Tag Archives: brunch

Paalak Paneer Paratha

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Baby A started going to formal school in April and I continued my pursuit for nutritious food that I could put in her tiffin box – which keeps her full till she reaches her daycare. One advantage on my side is that A loves methi and everything green for her is methi – even if it is spinach/ paalak or dhania/ coriander. So while methi paratha remained her favorite in winters – spinach came to my rescue as soon as summers arrived and methi disappeared from the market. This one is a spinach paratha, to which I add in ‘ever-available-in-delhi’ paneer. This healthy paratha serves as our breakfast too. Just that we have it with dahi rather than butter – what is baby A’s favorite accompaniments to these or any other parathas.

Paratha and Butter  in tiffin

Paratha and Butter in tiffin

Ingredients –
Paalak/ Spinach – 1 cup (cleaned, washed , chopped fine).
Paneer – 1 cup (grated) – I used Mother Dairy brand.
Whole wheat flour – 2 cups
Salt – to taste
Haldi – a pinch
Ajwain – a pinch
Oil – to cook the parathas.
Water – to knead the dough

Method –
1. Take the wheat flour in a wide bowl.
2. Add the salt, haldi and ajwain . Mix well.
3. Add the spinach, grated paneer and mix.
4. Add water little by little and knead the dough. Remember that both paneer and spinach add moisture and you may need very less water to get a soft, pliable dough.
5. Let it rest for 5 mins. Meanwhile, heat a griddle/ tawa.
6. Pinch out a ball of dough and roll out round parathas . The thickness must be a bit more than rotis/ phulkas.
7. Put the paratha on the heated tawa. Once brown spots appear n one side – apply oil and turn the paratha. Cook the other side similarly.
8. Serve with dahi or butter. These are very soft due to the paneer and can be packed for lunch too.

Heap of paratha rolls - easy to eat between office meetings!

Heap of paratha rolls – easy to eat between office meetings!

Since this is a kid food, comprising of 3 main ingredients – wheat flour, Spinach and Paneer – I am sending this to the Kid’s delight event hosted by Pavani on her blog here. Also linking it to Valli’s announcement page.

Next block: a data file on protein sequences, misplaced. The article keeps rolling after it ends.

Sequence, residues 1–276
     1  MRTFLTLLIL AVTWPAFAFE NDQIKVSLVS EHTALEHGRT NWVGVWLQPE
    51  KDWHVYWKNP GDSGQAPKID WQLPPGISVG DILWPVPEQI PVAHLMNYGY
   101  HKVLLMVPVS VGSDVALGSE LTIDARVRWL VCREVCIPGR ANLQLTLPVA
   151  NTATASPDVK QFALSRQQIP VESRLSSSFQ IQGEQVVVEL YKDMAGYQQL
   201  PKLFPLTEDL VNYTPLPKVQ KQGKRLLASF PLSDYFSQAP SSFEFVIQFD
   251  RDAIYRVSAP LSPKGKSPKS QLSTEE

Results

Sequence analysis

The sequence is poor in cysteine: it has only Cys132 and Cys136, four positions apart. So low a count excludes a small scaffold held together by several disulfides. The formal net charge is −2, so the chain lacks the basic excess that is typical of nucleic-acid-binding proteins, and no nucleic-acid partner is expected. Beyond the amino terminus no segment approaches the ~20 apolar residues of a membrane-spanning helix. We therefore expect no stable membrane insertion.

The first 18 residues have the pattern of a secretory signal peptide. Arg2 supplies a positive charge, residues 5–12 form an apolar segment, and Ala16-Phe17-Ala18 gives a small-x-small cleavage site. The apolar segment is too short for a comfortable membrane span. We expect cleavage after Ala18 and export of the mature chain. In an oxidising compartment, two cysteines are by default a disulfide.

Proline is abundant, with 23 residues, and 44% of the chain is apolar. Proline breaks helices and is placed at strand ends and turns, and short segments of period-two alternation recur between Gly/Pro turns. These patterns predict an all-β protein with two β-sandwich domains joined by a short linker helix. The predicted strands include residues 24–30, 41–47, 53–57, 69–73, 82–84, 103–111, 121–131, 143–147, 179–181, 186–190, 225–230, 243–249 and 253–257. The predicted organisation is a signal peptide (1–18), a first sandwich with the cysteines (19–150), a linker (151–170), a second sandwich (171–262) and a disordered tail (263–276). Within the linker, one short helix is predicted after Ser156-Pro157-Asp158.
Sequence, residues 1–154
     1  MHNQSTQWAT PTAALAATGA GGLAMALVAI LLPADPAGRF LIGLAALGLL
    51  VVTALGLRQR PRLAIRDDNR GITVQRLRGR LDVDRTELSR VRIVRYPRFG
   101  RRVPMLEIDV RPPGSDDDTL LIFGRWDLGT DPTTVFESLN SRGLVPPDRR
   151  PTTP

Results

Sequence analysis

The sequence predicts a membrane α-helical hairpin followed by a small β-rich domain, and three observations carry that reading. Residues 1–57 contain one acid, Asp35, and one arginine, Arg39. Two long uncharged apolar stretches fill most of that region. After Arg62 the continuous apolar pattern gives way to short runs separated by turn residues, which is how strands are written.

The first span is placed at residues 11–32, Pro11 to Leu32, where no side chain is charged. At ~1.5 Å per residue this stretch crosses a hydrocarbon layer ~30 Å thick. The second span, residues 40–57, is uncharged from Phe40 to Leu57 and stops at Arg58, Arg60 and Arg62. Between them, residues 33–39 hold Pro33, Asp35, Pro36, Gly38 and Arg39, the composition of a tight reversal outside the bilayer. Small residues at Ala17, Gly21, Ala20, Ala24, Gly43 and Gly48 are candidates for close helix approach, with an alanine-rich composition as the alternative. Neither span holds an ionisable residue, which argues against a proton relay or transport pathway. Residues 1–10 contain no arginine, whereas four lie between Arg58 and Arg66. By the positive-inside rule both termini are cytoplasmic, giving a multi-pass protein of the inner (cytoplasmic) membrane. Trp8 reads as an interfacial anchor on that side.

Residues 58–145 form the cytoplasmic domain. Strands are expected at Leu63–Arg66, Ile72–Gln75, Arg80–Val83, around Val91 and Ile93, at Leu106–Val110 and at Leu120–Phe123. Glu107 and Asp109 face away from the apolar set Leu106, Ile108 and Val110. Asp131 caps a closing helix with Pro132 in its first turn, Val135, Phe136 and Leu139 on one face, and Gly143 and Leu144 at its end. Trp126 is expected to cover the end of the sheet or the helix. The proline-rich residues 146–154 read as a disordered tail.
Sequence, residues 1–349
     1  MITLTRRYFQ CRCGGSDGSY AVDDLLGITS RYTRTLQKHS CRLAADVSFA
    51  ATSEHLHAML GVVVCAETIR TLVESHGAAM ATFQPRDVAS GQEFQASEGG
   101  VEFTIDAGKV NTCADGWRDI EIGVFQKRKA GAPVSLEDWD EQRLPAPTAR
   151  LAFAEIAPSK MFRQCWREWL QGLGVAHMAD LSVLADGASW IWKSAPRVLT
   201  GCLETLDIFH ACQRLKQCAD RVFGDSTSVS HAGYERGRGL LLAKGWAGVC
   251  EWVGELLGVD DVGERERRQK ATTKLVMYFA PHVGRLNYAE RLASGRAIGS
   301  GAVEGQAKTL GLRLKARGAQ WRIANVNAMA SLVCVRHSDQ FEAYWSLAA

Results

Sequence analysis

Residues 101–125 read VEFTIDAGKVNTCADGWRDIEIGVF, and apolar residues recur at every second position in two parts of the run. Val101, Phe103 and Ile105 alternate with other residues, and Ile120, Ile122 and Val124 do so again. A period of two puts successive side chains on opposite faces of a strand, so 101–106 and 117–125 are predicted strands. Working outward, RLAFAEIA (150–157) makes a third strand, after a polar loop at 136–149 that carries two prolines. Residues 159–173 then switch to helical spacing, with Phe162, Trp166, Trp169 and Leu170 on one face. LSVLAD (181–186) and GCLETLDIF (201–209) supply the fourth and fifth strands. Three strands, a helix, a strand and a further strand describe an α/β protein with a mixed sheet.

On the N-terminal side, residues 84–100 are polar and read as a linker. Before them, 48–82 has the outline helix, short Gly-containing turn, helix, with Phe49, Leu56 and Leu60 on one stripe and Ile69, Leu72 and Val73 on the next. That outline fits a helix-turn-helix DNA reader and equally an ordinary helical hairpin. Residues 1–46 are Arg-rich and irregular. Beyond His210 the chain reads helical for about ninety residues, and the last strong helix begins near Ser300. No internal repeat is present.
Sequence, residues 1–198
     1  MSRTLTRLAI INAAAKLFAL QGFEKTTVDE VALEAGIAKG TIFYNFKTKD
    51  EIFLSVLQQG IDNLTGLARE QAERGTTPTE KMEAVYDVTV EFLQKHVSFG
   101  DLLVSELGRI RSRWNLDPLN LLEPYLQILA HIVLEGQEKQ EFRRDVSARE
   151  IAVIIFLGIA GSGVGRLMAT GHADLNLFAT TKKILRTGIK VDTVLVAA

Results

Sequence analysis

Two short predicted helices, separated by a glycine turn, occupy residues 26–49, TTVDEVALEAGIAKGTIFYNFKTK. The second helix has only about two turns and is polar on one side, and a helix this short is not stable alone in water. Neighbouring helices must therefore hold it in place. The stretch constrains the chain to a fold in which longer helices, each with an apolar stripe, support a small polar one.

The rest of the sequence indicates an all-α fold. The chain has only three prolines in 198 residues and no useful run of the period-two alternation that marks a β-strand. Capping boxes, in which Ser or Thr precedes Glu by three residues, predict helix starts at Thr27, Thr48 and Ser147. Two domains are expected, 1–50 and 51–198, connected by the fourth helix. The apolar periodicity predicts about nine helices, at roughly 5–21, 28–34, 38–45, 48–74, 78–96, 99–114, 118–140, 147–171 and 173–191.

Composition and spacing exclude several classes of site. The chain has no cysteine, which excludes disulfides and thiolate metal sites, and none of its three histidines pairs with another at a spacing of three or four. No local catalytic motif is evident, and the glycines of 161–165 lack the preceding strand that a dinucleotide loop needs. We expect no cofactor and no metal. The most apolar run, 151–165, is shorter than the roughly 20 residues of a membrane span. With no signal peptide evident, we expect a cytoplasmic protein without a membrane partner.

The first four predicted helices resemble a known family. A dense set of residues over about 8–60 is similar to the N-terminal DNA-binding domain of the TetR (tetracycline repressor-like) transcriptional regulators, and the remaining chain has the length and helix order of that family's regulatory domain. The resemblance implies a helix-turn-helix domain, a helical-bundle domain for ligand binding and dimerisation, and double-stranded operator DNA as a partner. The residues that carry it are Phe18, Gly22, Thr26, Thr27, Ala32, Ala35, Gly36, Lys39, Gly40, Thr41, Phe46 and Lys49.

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Poha – Subah ho gayi mamu!

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What do you do to ensure that a person is fully awake and his/her faculties are all up and running? Dash some water on his face? That may work for most of the people, but there are exceptions. Say…that person is an Indori. So? Water may work, but not as good as Poha ! Thrust a plateful of poha inside the Indori and you will notice a marked impact – not only will the person be wide awake, but joyful and jumping around! In words of a PG Wodehouse fan (me) , poha to an Indori is as stimulating as one of Jeeves’ pick-me-ups to dear Bertie. No wonder Wikipedia mentions Indore in ‘Poha’ and Tripadvisor mentions poha in ‘Indore’. Born and brought up in the city, I don’t even know how to start talking about the humble thing. We had it at home, as a simple breakfast and as a treat when guests arrived in the evening. We had it on family gatherings and picnics. We had it in the college canteen (We procured a pack of plastic spoons from our home just to be fully equipped to gobble down poha, though we are ill equipped at most times to attend labs and classes). We had it in the market, on the roadside, on shopping trips, on the railway station…In fact, I don’t remember a place or occasion where it did not fit in.

Poha – best breakfast ever!

While the home made one was OK, the best poha you could find in the town is on little stalls/ thelas on the roadside – heaped up in an iron wok, kept on a pot of boiling water to keep it warm. When required, the shopkeeper would pick up a newspaper square, fluff up a handful and thrust it into the paper, throw in a variety of condiments – onions, sev, namkeen, boondi, lemon juice and finally sprinkle a mysterious masala (mysterious because till date I have not been able to coax a single stall owner to divulge the ingredients of the masala, or give me a kilo of it). No, it does not take hours to do this, the shopkeeper is done in a matter of seconds. You can either have it or get a ‘to go’ parcel – neatly packed pudiya in a polythene bag.
About me, though I kept taking it for granted during all my life in the city, I realized I was missing it as soon as I landed in Bangalore. There were stalls and roadside carts still, but serving idlis and wadas! Thanks heavens for Indori roommates – dear N and J, who would cook up a heap every other weekend – plentiful for us and for all the friends and colleagues living nearby. And thank God I had enough sense to get the entire recipe from both of them – masters in their art, that stays with me till date – and I remember them every time I dish out this breakfast.